Membrane staining of neutrophils for flow cytometry
Membrane expression of CXCR1, CXCR2 and CD177 on neutrophils was assessed by flow cytometry. According to the manufacturer's instructions, 100 μl of whole blood from patients and controls or 106 of purified neutrophils after in vitro stimulation were incubated with antibodies at room temperature, in the dark, for 15 minutes, followed by fixation and lysing of erythrocytes with 20 × volume of Fluorescence Activated Cell Sorting (FACS) lysing solution (BD Bioscience, San Jose, CA, USA). Fluorescence intensity was measured by FACS Calibur (Becton Dickinson Immunocytometry Systems, Mountain View, CA, USA) and calibrated using CellQuest™ software (Becton Dickinson). Results were analyzed using the Win-List software package (Verity Software House, Topsham, ME, USA). Mean fluorescence intensity (MFI) of 5.104 counted cells was measured in each sample. Neutrophils were gated as forward scatterhigh (FSChigh)-side scatterhigh (SSChigh)-CD14low cells. Expression levels were presented as MFI corrected for nonspecific binding of isotype control antibodies on neutrophils from the same donor.
MPO activity assay
Numbers of adherent or migrated neutrophils in adhesion or migration assay were quantified by myeloperoxidase (MPO) activity assay . Briefly, cells were lysed with 0.5% Triton-X-100 at 4°C for 20 minutes and acidified by adding 1 M citrate buffer (pH = 4.2, 50 μl/1 ml of cell lysate) just prior to the reaction. Aliquots (75 μl) from each sample were transferred into wells of a flat-bottomed 96-well plate. 2.2'-azino-bis-3-ethylbenzothiazoline-6-sulfonic acid (ABTS) at a concentration of 0.05% in 100 mM citrate with 0.03% H2O2 was loaded in an equal volume as substrate for MPO. After the reaction, OD405 was measured using an ELISA plate reader. Numbers of neutrophils in each well were determined as based on standards generated from known concentrations of neutrophils from the same isolation.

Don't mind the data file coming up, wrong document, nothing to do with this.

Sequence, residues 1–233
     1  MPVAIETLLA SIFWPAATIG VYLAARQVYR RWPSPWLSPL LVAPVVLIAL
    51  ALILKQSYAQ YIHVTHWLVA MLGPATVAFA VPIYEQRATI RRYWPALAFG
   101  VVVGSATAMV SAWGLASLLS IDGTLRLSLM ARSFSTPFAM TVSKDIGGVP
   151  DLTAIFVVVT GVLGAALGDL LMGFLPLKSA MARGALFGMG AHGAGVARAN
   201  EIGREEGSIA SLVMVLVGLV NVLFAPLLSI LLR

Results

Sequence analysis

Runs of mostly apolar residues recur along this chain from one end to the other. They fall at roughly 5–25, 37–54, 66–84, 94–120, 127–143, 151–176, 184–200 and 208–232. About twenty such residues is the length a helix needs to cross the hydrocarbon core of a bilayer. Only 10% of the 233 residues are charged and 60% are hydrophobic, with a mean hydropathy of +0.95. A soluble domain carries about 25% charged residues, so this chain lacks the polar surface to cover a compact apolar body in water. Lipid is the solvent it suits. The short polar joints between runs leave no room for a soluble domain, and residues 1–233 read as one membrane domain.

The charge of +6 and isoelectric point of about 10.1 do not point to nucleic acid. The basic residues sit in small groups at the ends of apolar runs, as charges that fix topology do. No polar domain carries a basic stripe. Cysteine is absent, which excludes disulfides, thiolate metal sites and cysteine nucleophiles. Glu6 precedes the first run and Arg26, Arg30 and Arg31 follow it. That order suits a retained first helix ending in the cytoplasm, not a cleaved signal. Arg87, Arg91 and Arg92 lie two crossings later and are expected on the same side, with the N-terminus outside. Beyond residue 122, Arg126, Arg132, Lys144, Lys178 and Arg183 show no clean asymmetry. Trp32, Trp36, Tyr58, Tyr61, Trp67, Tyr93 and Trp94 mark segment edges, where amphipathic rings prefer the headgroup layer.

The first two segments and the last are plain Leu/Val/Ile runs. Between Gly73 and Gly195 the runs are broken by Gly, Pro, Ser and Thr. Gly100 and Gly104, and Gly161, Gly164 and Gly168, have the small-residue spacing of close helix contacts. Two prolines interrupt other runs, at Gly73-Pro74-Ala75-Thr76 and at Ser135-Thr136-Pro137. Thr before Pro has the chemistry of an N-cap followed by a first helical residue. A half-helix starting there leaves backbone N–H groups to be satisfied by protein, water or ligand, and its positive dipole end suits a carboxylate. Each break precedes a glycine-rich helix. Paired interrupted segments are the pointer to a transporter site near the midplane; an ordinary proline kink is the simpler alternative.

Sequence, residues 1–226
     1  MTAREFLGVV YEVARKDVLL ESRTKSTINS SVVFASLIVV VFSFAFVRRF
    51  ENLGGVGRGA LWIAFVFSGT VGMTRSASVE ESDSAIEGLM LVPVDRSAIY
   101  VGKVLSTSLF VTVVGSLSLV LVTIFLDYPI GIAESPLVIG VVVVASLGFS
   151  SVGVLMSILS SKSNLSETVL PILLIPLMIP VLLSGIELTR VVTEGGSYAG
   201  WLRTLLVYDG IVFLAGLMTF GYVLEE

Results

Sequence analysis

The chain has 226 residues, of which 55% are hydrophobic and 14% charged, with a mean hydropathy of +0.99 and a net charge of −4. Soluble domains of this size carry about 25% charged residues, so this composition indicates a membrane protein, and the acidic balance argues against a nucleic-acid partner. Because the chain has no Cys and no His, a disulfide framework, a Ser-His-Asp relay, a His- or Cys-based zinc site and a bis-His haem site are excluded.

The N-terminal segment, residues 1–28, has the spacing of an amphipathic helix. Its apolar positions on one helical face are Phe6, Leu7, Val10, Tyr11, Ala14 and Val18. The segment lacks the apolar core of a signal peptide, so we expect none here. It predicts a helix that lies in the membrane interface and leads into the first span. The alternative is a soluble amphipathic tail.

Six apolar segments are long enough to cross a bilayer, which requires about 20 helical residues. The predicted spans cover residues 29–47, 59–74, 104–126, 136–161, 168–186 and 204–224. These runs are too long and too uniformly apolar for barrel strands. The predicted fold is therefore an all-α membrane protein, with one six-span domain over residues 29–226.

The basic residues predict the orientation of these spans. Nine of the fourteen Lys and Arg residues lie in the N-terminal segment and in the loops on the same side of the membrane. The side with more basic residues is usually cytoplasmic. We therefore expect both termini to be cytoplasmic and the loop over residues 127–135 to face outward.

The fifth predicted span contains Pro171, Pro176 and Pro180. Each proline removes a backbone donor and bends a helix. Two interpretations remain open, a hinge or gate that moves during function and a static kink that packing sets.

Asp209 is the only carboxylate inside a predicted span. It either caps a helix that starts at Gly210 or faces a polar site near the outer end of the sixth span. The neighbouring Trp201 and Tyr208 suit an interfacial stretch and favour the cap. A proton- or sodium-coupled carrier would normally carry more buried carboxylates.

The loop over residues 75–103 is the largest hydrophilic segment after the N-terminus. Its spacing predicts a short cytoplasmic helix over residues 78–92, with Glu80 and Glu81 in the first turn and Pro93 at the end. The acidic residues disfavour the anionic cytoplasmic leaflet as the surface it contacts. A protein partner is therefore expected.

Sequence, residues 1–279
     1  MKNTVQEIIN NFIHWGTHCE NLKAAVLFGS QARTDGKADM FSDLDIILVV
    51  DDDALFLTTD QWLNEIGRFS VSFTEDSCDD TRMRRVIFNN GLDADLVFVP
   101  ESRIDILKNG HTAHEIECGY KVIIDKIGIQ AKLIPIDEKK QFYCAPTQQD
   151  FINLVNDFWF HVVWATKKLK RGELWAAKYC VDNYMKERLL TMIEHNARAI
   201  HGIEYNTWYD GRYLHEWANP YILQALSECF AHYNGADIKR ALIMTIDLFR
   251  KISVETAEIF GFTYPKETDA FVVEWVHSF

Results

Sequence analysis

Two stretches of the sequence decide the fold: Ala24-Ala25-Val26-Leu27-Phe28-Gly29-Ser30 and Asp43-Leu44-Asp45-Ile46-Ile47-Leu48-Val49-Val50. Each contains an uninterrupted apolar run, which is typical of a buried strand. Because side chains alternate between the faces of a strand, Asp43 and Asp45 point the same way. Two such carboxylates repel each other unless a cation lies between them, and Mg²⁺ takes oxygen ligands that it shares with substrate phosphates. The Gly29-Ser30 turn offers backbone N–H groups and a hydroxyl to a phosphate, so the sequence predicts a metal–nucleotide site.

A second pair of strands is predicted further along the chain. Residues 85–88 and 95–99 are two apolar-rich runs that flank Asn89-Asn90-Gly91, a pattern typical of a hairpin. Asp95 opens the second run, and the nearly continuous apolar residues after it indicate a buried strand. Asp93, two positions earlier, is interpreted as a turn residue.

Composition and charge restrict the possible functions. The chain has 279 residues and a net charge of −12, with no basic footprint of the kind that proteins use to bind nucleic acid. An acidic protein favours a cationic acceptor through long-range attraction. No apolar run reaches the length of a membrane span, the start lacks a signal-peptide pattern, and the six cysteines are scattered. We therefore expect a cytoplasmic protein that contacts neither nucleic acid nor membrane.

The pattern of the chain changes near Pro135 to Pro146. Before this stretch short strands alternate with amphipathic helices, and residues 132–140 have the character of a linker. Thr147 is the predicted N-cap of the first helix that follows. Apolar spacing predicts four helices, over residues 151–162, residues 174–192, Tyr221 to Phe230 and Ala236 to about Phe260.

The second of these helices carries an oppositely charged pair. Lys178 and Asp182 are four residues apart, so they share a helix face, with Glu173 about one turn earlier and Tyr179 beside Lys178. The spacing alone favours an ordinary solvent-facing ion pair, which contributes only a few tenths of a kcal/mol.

Neutrophil adhesion to endothelial monolayers was quantified by adhesion assay as described previously with modifications . CiGEnCs were seeded in 24-well plates and allowed to proliferate to confluence. Cell monolayers were carefully washed with HBSS+/+ and stimulated with 10 ng/ml TNF-α at 37°C for 4 hours. Cells were then washed three times before 0.5 × 106 neutrophils were loaded. Where indicated, neutrophils were pretreated with serial doses of IL-8, TNF-α or repertaxin which is a noncompetitive allosteric inhibitor of CXCR1 and CXCR2 . After incubation of endothelial cells with neutrophils at 37°C for 30 minutes, loosely adherent or non-adherent neutrophils were washed off with HBSS-/- and the endothelial monolayers plus adherent neutrophils were lysed in 0.5% Triton-X-100. All experiments were run in duplicate. The numbers of neutrophils were quantified, as described above, by MPO activity assay.